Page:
Device Management

Tim Robinson · ·


I'm writing this device management tutorial assuming that you've got a basic working protected-mode kernel. You don't need to have read my memory management tutorials (numbers one and two) but, if not, I recommend that you do. I'll assume that your kernel has a basic operating environment: a working memory manager and basic run-time library facilities.

I'm going to concentrate on designing your device manager instead of telling you things like what order to program the ATA controller registers. You can get hardware information from manufacturers' specifications or from reading other drivers' source code; however, there are very few tutorials which teach you the overall picture, and there are a lot of badly-designed device interfaces around.


This is where the various different kernel architectures become apparent. There are two main categories:

Examples: Minix, QNX
Device drivers are isolated from the kernel, and are usually in their own user-mode address spaces. They communicate with the main kernel and with each other by means of messaging. Passing a message from, say, the kernel to a driver usually involves a process switch (switching address spaces) and a context switch (switching threads) which incurs a relatively high speed penalty. Microkernels' main advantage is stability: if one buggy device driver crashes, all that is affected is access to that device (until the driver is restarted).
Monolithic Kernel
Examples: Linux, Windows NT
Device drivers run as part of the kernel, either compiled in or as run-time loadable modules. Monolithic kernels have the advantage of speed and efficiency: calls to driver functions are simple local calls instead of whole address space switches. However, because it is running in kernel mode, a buggy device driver has the capability to crash the entire system.

The monolithic architecture is probably the most common in today's operating systems because it is usually more efficient. Monolithic kernels can have access to all the kernel's code and data, making it possible to share internal functions and data with device drivers: Windows NT use this to allow drivers access to the kernel run-time library and Linux allows drivers to access pretty much any non-static kernel symbol. By contrast, microkernel drivers are fully self-contained applications, which makes it a lot harder for them to share common functions. Note that the microkernel separation between the kernel and the rest of the OS components isn't restricted to device drivers: for example, Minix has its file system driver and memory manager as separate tasks too. I'll be concentrating on monolithic architectures in this tutorial.


Your device manager will be the interface between the device drivers and the both the rest of the kernel and user applications. It needs to do two things:

  • Isolate devices drivers from the kernel so that driver writers can worry about interfacing to the hardware and not about interfacing to the kernel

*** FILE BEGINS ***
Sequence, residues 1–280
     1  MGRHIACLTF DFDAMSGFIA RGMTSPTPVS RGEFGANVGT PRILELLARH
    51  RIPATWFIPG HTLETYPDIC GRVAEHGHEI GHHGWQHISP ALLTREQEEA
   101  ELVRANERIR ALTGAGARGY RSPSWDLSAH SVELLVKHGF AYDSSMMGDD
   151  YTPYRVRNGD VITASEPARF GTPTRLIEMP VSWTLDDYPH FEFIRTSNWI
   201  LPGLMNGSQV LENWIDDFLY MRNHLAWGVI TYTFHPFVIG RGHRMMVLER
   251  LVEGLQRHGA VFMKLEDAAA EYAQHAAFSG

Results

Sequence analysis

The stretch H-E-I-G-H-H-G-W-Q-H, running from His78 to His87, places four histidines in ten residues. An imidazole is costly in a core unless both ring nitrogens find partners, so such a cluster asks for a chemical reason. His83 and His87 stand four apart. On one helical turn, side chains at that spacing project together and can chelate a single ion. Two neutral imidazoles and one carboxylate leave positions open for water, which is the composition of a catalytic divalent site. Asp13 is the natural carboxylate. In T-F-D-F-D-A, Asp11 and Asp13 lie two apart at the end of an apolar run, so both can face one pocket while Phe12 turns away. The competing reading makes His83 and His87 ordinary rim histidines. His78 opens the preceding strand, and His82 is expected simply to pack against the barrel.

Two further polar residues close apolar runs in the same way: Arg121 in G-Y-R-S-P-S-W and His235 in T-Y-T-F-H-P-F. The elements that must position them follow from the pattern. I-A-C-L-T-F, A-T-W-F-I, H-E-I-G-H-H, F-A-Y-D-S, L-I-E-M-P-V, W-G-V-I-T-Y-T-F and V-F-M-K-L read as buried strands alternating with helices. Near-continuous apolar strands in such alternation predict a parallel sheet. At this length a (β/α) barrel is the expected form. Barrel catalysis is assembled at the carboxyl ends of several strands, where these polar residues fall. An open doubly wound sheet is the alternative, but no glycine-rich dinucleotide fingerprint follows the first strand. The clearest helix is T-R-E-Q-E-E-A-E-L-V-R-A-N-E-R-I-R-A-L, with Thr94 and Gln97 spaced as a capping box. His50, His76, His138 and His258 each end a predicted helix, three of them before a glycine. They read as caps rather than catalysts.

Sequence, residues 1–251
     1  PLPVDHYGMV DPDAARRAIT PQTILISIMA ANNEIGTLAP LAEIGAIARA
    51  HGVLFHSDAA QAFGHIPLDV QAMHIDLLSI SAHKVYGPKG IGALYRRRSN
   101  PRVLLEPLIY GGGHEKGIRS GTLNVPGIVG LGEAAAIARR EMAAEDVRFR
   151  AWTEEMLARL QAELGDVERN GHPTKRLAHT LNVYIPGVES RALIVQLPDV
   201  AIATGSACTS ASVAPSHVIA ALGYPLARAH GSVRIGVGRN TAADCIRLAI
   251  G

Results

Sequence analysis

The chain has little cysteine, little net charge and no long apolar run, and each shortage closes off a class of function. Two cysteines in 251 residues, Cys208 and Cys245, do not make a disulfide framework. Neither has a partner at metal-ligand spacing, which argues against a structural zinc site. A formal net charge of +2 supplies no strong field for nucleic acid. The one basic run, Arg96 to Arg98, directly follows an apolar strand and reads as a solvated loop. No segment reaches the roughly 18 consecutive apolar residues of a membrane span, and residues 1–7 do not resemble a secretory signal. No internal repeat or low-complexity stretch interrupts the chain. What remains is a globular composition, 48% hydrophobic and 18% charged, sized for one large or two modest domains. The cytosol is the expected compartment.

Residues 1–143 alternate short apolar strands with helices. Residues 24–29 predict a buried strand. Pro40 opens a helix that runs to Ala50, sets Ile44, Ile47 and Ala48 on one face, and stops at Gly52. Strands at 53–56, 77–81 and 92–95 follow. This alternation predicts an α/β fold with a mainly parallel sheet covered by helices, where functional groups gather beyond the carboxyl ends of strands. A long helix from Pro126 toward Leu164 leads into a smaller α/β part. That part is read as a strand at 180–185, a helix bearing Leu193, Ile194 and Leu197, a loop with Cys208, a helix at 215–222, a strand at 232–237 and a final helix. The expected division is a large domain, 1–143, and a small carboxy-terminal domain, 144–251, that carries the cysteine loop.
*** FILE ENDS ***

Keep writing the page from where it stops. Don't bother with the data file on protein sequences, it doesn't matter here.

• Isolate user applications from the hardware so that applications can work on the majority of devices the user might connect to their system

In most operating systems, the device manager is the only part of the kernel that programmers really see. Writing a good interface will make the difference between an efficient and reliable OS which works with a variety of devices and an OS which you spend all your own time writing and debugger drivers for.

Here's the capabilities our device manager will have:

  • Asynchronous I/O: that is, applications will be able to start an I/O operation and continue to run until it terminates. This is instead of blocking I/O, whereby applications are stalled while I/O operations execute. Blocking I/O can be easily implemented as a special case of asynchronous I/O.
  • Plug and Play: drivers will be able to be loaded and unloaded as devices are added to and removed from the system. Devices will be detected automatically on system startup, if possible.


Because we want our kernel to be plug-and-play capable, it isn't enough for drivers to be added to the kernel at compile time, as Minix and old Linux do. We must be able to load and unload them at run time. This isn't difficult: it just means we have to extend the executable file interface to kernel mode.

You can implement kernel driver modules any way you like. Linux uses object files (.o) which are linked to the kernel at load time: references and relocations are patched as if the module was being linked by a linker. Windows NT (and WDM, the Windows Driver Model used by Windows since Windows 98/2000) uses full PE dynamic link libraries with the .sys extension. Drivers are loaded into kernel space just like DLLs are loaded into user space. The kernel needs some kind of entry point into the driver; once it has been loaded, the kernel will be able to see all of the driver's code and data (and vice versa). It needs some way of invoking the driver's code and starting the ball rolling.

This is where device enumeration comes in. How does the kernel know which drivers to load? The same driver could be used for several devices: how does the driver know which devices to implement? Linux, Minix and pre-WDM Windows NT avoid this problem by requiring drivers to know how to detect their own hardware. This makes sense, particularly for the pre-PnP systems which were around when these operating systems were designed. The kernel loads all the drivers which it expects to be needed (often via a user-configurable script or Registry) and the drivers take care of notifying the kernel of which devices actually are present.